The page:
Defining Divorce by the Law

A marriage is agreed upon by two individuals, and that agreement is just like a contract. Two people have made an agreement that is both personal and social, and is usually made in front of at least a few witnesses. This marital relationship can only be ended by divorce which is only done through the court system and it’s a matter of state law. The state you file in must be the state that you reside in legally, so long as you have lived in the state for 90 days.

What Does Grounds for Divorce Mean?

When filing for a divorce, you must state the reason for filing. This means that you are stating your “grounds for divorce”. Each state has its own law on what those grounds can be including abuse or even infidelity. In some states if one of the spouses has been in prison for a year or longer, a divorce may be filed. Some states will also allow you to file in the event that you file for irreconcilable differences.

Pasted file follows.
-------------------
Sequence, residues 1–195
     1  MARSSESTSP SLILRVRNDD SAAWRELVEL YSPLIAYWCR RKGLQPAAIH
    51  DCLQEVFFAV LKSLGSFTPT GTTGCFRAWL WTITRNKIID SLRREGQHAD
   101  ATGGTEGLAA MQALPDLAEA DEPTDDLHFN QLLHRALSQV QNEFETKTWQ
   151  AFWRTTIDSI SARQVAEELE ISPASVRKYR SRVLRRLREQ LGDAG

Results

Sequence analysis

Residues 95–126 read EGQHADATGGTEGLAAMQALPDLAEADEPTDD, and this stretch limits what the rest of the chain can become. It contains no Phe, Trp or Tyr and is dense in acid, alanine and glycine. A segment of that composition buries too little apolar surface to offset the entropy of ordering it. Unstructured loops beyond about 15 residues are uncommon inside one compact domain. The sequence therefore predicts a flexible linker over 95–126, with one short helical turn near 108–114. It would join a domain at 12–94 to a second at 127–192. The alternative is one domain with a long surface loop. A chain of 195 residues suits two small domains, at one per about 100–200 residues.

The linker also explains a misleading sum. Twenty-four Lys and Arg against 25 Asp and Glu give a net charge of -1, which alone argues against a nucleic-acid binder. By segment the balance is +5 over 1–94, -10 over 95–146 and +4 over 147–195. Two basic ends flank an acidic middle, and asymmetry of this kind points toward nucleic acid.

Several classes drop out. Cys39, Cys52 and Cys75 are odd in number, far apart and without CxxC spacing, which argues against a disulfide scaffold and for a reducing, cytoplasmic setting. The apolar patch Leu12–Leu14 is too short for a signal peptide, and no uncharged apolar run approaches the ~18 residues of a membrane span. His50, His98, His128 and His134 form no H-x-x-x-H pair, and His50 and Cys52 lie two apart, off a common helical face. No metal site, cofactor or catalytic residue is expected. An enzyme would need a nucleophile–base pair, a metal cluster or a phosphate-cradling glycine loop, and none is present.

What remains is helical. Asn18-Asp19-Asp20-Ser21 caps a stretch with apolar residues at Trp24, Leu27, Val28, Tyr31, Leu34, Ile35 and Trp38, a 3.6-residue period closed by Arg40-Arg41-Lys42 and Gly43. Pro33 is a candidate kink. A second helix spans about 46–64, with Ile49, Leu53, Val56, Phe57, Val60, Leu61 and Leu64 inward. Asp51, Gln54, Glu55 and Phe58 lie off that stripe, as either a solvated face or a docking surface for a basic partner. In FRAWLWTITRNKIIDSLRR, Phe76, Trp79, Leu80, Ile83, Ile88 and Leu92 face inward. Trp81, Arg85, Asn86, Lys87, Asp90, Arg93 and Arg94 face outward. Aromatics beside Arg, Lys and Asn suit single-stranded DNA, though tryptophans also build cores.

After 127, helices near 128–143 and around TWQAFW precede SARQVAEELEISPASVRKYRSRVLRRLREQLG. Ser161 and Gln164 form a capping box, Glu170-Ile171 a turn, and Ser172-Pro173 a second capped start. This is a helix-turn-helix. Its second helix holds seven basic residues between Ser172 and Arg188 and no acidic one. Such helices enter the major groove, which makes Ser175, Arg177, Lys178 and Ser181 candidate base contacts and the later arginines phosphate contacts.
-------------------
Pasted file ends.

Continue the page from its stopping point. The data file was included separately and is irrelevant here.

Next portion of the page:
Should one of the individuals not wish to agree to the divorce there is a way to contest the filing. However, disputes can also arise when alimony or child support is being disputed as well. When disagreements are made, only a judge is able to intervene. This is because many of these cases are complicated and require someone to step in and help settle the matter.

Divorces are Final

Once your divorce has been tried in court it’s final. There isn’t any way to “undo” a divorce unless the two individuals should decide to remarry in which case they would need to start over. The judge signs the petition and the divorce will be finalized in court. Divorce laws are not always easy to understand. If you have questions about your case and how to proceed, it’s time for you to seek the help of a divorce lawyer today.

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